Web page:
When I Run for President…

I want Bill Clinton to talk about me at the Democratic National Convention.

Say what you will, but the man is a masterful public speaker.  He has an absolutely incredible way of talking to an entire convention center (or an entire nation) and making it seem as though he’s right in your living room, sitting at the edge of your most comfortable chair.

He is articulate, passionate, and funny.  And I truly, honestly believe that he means every word he is saying when he says it.

I got a lot of flack for my opinion on BC in years past.  You see, although some of my dearest friends are Democrats and championed President Clinton for his work in the White House, many of them will not forgive him for his marital indiscretions.  Okay, affairs.  Crappy judgment. Inability to keep it in his pants.

I get it.  If you have ever been in a relationship with someone who cheated on you, there is a knee-jerk reaction when you hear about someone cheating.  And when that someone is outed for cheating publicly and they happen to be a public figure (like, say, the President of the United States), it is hard to think about trusting that person again.

I understand on an entirely different level, too.  You see, my father, while he spent most of his life identifying as a Republican, was a lot like Bill Clinton.  Charismatic, persuasive, logical.  Passionate, gregarious, funny.  People really liked my father -or they hated him, there weren’t many who were lukewarm – and most saw him as a strong leader.  He was also a cheater. And even though he was my father and not my husband, I vilified him for a long time because of that, unable to see the other parts of him.

With Clinton, I have the luxury of being able to see beyond his sexual indiscretions and hoping that he has learned a great deal from them.  I am not a friend or family member, not someone who was directly affected by those errors in judgment.  I am able to look to his record of service, his work done on behalf of social justice and continued efforts as a retired President, and see the bulk of his message.  I listened to his speech at the DNC last night and was mesmerized by his ability to switch from levity to sincerity, all the while feeling as though he was speaking to a much more intimate group than the billions of people likely watching on television.  I was struck by his passion and clarity and proud to know that he represents many of the ideals that are important to me.  I know that he has probably spent many thousands of hours being coached on public speaking and that he didn’t likely write the speech he delivered.  None of that dampened my enthusiasm for his message, though, and here’s why.  Because I think that the “X-factor” in his speech that kept it from being flat or cynical is that he truly believes what he is saying. That he honestly puts his faith in Barack Obama to do the things he says he will.  That the choice to stand up and throw his hat in the ring with the President is not one of loyalty to the Democratic party, but a sincere belief in him as a person and his ability to affect the lives of those who need it most.  Perhaps my favorite moments in his speech came when he talked about community and cooperation.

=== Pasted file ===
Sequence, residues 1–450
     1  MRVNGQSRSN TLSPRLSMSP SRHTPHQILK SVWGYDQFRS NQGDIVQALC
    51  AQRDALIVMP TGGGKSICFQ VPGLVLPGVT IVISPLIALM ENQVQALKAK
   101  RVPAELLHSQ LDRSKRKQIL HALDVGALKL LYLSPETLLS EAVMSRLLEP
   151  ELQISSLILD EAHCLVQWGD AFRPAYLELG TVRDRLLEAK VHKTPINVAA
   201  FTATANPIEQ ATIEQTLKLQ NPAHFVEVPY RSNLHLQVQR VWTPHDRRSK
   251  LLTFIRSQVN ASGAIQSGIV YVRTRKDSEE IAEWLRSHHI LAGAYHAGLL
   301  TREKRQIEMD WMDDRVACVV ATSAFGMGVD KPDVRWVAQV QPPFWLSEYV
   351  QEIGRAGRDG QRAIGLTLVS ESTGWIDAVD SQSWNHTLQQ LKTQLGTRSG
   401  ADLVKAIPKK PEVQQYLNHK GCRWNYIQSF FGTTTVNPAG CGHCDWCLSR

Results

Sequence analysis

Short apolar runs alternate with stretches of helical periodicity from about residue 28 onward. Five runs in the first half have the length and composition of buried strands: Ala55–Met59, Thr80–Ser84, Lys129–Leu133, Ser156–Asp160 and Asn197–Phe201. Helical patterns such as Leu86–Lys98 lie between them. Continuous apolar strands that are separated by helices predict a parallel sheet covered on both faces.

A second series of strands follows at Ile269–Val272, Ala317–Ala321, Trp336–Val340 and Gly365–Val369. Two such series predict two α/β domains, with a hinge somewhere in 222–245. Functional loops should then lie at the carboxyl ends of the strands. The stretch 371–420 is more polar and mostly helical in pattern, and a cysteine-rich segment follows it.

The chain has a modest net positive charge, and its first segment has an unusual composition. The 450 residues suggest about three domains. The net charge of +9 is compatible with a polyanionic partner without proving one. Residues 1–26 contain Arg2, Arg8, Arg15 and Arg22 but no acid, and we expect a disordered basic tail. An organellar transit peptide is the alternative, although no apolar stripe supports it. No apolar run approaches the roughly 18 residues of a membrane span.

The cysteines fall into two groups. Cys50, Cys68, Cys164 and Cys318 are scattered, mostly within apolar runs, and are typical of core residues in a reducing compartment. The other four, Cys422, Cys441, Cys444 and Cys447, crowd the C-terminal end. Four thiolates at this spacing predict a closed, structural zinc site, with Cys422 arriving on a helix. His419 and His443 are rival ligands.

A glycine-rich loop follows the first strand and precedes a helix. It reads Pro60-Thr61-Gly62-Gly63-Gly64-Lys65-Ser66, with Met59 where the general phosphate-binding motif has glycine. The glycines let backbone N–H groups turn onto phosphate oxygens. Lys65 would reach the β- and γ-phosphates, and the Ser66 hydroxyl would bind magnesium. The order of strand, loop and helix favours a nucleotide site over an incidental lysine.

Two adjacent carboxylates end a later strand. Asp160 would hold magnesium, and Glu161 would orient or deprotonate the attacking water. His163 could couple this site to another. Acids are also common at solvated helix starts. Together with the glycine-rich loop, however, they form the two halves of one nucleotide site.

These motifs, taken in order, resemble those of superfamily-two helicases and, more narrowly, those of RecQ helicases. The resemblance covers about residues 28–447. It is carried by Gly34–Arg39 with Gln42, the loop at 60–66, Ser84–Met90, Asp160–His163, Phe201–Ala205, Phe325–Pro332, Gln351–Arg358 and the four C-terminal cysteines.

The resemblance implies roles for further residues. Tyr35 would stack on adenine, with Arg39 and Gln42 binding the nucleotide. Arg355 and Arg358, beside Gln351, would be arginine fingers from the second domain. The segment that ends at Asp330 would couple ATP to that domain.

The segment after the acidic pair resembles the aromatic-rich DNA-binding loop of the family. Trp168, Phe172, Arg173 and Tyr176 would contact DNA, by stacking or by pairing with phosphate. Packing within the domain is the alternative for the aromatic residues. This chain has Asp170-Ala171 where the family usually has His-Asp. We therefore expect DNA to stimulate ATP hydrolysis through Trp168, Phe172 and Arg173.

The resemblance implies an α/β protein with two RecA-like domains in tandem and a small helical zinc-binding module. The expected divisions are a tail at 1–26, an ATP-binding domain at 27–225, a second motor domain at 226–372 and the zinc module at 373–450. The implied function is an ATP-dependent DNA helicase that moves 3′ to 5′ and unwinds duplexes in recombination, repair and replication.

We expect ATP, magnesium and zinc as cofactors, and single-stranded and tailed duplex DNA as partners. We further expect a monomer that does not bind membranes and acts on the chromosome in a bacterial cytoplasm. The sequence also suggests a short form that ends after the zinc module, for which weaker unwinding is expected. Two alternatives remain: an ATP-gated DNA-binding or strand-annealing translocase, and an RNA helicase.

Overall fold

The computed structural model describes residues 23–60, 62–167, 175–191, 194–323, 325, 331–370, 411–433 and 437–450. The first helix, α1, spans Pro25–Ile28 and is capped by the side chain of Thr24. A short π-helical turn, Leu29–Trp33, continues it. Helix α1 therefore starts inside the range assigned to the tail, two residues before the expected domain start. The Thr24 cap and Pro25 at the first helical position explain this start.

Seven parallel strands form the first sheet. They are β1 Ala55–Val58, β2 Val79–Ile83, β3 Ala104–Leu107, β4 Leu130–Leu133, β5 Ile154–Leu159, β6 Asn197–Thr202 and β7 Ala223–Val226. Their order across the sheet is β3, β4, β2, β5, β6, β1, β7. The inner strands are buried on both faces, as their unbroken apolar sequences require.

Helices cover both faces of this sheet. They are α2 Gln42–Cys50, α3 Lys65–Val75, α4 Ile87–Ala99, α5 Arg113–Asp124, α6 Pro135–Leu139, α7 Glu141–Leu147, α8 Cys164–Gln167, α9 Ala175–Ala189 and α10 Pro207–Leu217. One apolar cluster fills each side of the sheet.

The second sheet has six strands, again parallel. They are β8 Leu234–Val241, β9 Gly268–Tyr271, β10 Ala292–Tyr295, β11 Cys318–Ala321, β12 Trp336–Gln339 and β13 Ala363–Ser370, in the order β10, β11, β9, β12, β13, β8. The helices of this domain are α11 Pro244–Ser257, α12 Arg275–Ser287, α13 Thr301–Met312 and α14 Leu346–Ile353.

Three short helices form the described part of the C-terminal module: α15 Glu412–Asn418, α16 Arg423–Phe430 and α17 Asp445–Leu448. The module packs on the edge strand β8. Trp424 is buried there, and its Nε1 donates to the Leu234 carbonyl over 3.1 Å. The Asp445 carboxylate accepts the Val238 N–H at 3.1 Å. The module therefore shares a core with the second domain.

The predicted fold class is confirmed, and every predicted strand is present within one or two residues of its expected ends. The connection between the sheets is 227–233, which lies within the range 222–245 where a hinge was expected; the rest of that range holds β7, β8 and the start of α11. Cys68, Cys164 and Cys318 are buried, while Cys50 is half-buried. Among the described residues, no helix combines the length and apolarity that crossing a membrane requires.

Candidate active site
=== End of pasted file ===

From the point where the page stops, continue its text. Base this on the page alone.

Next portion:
“President Obama’s approach embodies the values, the ideas, and the direction America has to take to build a 21st-century version of the American dream, a nation of shared opportunities, shared responsibilities, shared prosperity, a shared sense of community.”

“…if you want a country of shared opportunities and shared responsibility, a we’re-all-in-this-together society, you should vote for Barack Obama and Joe Biden.”

It is his ability to rouse a crowd to passion, empathize with them and tell a damn good story that makes Bill Clinton such a dynamic speaker.  And while all of those things are important, it is ultimately my honest assessment that he means what he says that is the tipping point for me.

 *photo from nbc.com

3 replies
  1. Dee
    Dee says:

    Dear Kari, like you, I admire and truly like President Clinton. I do not like to judge people. Moreover, if that must be done, why judge on the person's worst fault? Why not judge on his or her outstanding traits? Are we only our faults? Or are we only our best traits? Or are we a complex mix of traits that can delight as well as disappoint?

    As to the speech: He did indeed write the whole thing himself. Brian Williams talked about that on yesterday's national news.

    As to his speech-making ability: he is so brilliant (he's supposed to have a 180 IQ) that he can make complex issues easy to understand. He's always been able to do that. It is a skill that President Obama–who is also extremely bright–doesn't have. And so President Clinton helped Obama greatly last evening.

    Like you, Kari, I believe in Clinton's sincerity. I've always been an Obama supporter but I'm glad now that President Clinton values Obama as I do.

    Thank you for sharing your enthusiasm with us. Peace.

  2. Elizabeth
    Elizabeth says:

    I'm an unabashed Clinton adorer. I still remember him on Letterman shortly after the 9/11 attacks. I immediately felt comforted and far less terrified. There's something soothing as well as electrifying about him — despite all the human faults.

    As for your personal relationship to him — your father, etc. — I utterly relate to that.

  3. Deb Shucka
    Deb Shucka says:

    I agree with everything you say here. I've loved Bill forever, and thing he's maybe the best president of my lifetime. I love your writing, your clear and passionate insights, your fierce heart.


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